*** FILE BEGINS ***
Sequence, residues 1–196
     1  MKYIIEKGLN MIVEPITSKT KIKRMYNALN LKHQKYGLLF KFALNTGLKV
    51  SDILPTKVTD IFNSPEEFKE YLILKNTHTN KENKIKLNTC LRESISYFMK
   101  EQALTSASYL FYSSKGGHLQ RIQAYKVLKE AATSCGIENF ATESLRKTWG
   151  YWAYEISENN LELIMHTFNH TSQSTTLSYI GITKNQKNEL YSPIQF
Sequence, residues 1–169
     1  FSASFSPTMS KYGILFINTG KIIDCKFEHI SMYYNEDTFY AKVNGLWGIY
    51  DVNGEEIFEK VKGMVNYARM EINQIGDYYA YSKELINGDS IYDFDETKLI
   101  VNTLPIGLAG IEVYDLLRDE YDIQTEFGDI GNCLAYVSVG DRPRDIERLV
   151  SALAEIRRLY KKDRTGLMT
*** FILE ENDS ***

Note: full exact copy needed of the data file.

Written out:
Sequence, residues 1–196
     1  MKYIIEKGLN MIVEPITSKT KIKRMYNALN LKHQKYGLLF KFALNTGLKV
    51  SDILPTKVTD IFNSPEEFKE YLILKNTHTN KENKIKLNTC LRESISYFMK
   101  EQALTSASYL FYSSKGGHLQ RIQAYKVLKE AATSCGIENF ATESLRKTWG
   151  YWAYEISENN LELIMHTFNH TSQSTTLSYI GITKNQKNEL YSPIQF
Sequence, residues 1–169
     1  FSASFSPTMS KYGILFINTG KIIDCKFEHI SMYYNEDTFY AKVNGLWGIY
    51  DVNGEEIFEK VKGMVNYARM EINQIGDYYA YSKELINGDS IYDFDETKLI
   101  VNTLPIGLAG IEVYDLLRDE YDIQTEFGDI GNCLAYVSVG DRPRDIERLV
   151  SALAEIRRLY KKDRTGLMT